Surfer Blood

West Palm Beach's Surfer Blood, releases its second album, "Pythons," this week. Frontman John Paul Pitts, second from right, says the band will tour South Florida in the fall. (Frank Maddocks/Courtesy / June 11, 2013)

John Paul Pitts hasn't returned home to West Palm Beach for a while, but when the Surfer Blood frontman eventually does have his homecoming, he's counting on the local fan reception to be anything but warm. In March 2012, police arrested Pitts for domestic battery on the singer's then-live-in girlfriend, prompting an immediate Twitter bashing, which included such scornful rebukes as "I'm genuinely upset about JP" and "Maybe you should go touring with Chris Brown."

"I feel awful about everything that happened, and it's something I'm thinking about every damn day," says Pitts, speaking by phone from a tour bus outside Lincoln, Neb., adding that he prefers not to elaborate on the incident because "my parents read the Sun Sentinel." "I don't think anyone in my band was happy about this. I just want people to suspend judgment and just listen to the music."

Although charges were dropped in April, the fallout, Pitts says, came swift: Several bands ("I'm not going to say which") refused to tour with Surfer Blood, which this week releases its second album, "Pythons." Still, the public reaction was at once unfamiliar to a band that went from recording songs in Pitts' West Palm Beach bedroom to releasing a breakout 2009 single, "Swim," signing a record deal and producing a triumphant debut album in 2010's "Astro Coast." But if the pop-rock quartet that also includes guitarist Thomas Fekete, bassist Kevin Williams and drummer Tyler Schwarz is keen on moving past the backlash, Surfer Blood's new release, awash as it is in catchy surf rock, may be the escapism the band wants.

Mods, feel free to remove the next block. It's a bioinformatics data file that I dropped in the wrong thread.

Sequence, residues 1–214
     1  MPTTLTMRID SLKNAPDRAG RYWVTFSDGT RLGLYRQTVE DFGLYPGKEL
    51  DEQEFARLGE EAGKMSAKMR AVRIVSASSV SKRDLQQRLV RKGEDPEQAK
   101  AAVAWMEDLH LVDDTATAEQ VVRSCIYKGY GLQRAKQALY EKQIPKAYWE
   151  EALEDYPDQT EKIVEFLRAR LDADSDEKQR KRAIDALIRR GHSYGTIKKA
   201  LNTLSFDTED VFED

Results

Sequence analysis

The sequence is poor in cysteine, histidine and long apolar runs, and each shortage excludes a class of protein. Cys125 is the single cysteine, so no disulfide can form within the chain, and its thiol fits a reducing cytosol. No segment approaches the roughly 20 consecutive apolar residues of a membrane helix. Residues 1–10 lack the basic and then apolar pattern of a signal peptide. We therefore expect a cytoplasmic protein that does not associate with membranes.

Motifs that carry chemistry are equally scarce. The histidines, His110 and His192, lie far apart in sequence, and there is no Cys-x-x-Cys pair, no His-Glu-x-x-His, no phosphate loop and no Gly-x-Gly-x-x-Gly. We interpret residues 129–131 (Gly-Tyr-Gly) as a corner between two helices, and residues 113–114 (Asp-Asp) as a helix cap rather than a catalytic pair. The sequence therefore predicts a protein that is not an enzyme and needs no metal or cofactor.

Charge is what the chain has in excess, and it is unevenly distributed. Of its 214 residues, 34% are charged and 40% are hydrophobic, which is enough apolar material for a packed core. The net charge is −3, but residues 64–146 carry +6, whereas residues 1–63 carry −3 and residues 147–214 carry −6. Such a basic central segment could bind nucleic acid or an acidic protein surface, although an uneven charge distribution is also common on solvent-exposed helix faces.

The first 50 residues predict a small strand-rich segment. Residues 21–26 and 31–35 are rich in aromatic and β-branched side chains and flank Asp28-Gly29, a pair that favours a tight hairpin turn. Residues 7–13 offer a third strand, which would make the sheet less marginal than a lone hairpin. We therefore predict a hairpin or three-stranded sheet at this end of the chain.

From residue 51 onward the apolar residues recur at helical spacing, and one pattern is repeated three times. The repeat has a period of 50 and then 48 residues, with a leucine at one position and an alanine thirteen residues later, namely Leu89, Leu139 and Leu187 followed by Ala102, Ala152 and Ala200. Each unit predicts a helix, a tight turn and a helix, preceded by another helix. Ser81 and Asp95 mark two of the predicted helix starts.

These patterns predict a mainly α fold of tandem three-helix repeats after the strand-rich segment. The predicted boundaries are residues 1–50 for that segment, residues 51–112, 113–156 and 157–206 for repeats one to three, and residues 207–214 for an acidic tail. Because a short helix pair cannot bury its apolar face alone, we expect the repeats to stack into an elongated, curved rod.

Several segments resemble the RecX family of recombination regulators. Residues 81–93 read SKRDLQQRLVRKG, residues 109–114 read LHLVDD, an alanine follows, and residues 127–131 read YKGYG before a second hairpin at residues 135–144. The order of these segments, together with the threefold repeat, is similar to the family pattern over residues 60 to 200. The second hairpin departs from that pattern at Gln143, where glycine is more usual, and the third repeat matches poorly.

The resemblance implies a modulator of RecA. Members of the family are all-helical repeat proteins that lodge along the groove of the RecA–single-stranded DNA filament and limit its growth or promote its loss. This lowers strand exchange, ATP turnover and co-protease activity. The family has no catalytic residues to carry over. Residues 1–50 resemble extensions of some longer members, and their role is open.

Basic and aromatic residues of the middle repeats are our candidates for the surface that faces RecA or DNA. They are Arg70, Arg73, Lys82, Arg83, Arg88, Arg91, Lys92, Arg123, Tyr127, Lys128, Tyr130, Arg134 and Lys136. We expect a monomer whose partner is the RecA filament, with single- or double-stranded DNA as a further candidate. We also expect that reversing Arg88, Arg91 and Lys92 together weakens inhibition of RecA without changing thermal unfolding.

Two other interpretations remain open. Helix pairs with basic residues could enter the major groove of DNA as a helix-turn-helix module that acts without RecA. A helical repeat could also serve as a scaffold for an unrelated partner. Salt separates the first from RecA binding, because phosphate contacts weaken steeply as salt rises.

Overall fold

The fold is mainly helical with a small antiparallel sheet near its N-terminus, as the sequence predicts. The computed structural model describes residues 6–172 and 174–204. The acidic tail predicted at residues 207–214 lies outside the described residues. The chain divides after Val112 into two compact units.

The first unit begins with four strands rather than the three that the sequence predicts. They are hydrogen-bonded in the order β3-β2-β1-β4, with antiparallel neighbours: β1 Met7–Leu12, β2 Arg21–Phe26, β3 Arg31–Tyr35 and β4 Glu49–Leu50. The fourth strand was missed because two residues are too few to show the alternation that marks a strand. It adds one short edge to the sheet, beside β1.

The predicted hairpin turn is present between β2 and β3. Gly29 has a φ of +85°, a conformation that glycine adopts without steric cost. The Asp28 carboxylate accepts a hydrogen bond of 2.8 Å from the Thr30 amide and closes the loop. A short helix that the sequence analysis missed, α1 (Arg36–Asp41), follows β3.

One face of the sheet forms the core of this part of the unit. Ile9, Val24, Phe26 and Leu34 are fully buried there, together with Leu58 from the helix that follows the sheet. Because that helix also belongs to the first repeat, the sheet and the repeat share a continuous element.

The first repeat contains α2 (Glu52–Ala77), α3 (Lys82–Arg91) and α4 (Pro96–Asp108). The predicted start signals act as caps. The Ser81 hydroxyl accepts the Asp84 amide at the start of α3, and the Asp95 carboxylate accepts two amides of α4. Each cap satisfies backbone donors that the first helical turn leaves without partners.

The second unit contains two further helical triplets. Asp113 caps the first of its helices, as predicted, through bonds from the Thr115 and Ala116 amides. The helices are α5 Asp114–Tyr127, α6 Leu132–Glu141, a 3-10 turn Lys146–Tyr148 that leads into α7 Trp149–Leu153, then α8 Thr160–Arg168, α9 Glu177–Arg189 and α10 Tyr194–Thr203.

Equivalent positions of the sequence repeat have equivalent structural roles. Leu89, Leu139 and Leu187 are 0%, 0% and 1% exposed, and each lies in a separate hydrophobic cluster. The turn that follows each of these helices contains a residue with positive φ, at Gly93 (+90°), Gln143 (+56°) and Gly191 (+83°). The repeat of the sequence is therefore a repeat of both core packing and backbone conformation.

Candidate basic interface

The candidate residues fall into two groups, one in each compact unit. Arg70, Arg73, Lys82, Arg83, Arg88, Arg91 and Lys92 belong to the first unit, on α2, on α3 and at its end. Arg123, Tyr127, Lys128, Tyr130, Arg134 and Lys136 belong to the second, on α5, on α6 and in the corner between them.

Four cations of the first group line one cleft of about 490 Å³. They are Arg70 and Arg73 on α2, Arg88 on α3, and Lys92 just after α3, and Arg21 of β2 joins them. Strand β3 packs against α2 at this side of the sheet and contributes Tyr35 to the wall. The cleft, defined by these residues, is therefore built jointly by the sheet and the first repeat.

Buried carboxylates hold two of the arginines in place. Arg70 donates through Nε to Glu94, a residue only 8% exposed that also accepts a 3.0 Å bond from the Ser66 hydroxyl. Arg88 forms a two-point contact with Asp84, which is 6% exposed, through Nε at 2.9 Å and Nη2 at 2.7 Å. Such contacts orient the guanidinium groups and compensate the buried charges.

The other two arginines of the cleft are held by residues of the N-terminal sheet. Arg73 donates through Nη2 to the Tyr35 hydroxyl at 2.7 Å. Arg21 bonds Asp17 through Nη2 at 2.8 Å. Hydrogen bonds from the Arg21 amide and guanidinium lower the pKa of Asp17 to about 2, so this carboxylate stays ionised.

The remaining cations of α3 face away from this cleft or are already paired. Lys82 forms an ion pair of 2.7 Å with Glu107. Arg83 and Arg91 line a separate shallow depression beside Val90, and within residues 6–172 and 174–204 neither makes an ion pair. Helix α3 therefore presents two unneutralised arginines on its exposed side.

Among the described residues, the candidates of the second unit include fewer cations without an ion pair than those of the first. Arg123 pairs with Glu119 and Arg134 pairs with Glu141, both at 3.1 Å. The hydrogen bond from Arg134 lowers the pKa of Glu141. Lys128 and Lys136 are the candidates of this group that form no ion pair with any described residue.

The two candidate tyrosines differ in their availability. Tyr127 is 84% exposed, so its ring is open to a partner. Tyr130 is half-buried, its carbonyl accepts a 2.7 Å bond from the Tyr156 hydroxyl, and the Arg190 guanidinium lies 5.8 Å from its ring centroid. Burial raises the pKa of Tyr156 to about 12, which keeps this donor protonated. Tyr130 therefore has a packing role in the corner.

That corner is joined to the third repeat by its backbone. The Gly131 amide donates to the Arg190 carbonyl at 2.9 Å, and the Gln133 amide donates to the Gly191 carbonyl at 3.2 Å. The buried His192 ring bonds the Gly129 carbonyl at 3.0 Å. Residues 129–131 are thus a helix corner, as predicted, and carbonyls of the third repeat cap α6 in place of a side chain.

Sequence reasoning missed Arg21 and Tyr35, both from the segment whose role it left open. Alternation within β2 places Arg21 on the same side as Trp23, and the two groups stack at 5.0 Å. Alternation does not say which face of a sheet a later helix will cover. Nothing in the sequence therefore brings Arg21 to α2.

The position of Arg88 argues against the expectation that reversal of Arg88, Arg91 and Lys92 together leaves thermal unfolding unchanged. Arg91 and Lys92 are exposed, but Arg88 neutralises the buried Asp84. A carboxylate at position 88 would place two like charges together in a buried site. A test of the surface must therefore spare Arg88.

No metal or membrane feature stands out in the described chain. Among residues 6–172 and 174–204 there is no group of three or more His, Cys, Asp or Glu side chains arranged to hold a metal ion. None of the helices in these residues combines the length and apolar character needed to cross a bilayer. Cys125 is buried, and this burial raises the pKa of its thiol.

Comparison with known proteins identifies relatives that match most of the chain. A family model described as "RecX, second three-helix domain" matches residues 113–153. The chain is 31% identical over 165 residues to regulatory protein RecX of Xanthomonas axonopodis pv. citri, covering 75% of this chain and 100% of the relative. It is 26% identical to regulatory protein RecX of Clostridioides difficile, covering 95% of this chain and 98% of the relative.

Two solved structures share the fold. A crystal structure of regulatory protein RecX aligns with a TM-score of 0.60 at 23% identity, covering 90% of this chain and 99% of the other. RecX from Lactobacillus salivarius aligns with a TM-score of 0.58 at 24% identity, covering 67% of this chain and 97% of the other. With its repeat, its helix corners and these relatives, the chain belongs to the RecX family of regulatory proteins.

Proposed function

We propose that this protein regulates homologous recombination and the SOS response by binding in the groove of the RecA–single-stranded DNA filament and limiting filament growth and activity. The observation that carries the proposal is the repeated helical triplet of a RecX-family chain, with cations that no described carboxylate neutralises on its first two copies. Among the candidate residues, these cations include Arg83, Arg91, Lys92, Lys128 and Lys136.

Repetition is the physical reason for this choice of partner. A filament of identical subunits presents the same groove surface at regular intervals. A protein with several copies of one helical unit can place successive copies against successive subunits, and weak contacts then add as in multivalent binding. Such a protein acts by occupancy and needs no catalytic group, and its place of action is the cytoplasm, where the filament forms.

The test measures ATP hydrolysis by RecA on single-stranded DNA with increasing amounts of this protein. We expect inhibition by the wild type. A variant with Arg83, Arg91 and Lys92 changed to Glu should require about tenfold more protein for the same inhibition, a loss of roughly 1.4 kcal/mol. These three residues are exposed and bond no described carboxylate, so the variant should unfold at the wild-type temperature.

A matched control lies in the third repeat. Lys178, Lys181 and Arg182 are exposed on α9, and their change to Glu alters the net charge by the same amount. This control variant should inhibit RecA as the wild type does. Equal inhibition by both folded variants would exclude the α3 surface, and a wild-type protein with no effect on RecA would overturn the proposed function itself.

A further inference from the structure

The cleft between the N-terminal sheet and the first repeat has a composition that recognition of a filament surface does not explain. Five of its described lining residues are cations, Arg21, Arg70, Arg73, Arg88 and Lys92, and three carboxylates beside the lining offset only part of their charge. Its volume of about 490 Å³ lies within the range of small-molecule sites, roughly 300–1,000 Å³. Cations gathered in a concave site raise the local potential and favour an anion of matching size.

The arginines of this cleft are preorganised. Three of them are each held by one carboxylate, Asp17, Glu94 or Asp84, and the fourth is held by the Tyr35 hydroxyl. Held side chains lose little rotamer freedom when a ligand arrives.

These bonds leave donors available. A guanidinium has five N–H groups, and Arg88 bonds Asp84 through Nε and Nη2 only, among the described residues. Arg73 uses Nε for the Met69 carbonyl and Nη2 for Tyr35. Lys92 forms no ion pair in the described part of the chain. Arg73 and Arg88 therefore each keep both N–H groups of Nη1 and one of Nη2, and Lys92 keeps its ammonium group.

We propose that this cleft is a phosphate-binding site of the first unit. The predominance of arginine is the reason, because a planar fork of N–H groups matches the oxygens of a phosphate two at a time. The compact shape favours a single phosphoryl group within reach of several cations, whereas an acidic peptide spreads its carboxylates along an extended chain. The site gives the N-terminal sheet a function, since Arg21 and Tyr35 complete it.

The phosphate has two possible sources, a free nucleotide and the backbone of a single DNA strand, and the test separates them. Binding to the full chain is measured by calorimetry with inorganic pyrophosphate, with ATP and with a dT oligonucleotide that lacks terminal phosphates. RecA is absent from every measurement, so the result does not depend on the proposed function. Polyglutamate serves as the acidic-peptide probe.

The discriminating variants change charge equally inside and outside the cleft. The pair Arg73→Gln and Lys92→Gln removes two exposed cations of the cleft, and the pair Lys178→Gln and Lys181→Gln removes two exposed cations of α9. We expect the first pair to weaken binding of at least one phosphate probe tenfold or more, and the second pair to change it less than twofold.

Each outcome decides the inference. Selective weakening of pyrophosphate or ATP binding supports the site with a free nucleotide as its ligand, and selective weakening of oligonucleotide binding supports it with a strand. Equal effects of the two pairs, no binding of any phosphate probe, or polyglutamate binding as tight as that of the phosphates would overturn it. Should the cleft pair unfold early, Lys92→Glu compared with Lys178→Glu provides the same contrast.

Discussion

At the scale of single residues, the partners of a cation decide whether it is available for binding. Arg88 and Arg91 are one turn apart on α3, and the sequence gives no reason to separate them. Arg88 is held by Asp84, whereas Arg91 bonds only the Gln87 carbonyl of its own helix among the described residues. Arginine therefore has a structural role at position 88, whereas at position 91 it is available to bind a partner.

With help from producer Gil Norton (he of the Pixies' "Doolittle" and "Bossanova" albums), "Pythons" contains chipper melodies, sunny guitar hooks and zero references to the band's present difficulties. Still, Pitts says he won't be surprised if fans hunt for veiled meanings in tracks such as "Squeezing Blood From a Stone" and in lines such as "Damning allegations have come to light/Stapled to the background in black and white."


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"I mean, look, I'm resigned to the fact that people read into these lyrics searching for me to admit fault or assign blame," the 26-year-old singer admits. "But most of these songs were written before the incident last year, like at least two months before, and we'd just started demoing and never looked back.

"Many of these songs are cryptic on purpose, but they're also forthcoming," he adds. "Because how often do you get to be perfectly honest with people if you can't do it in your songs?"

Pitts, who with the band recorded “Pythons” over an eight-week blitz in California, and who borrowed “amplifiers and guitars” from Pixies guitarist Joey Santiago to do so, says the new album is indebted to the alt-rock icons.

“I love the Pixies,” Pitts says. “There’s something really unassuming and yet something very intense about that band that rubbed off on us. I think that’s something great to aspire to.”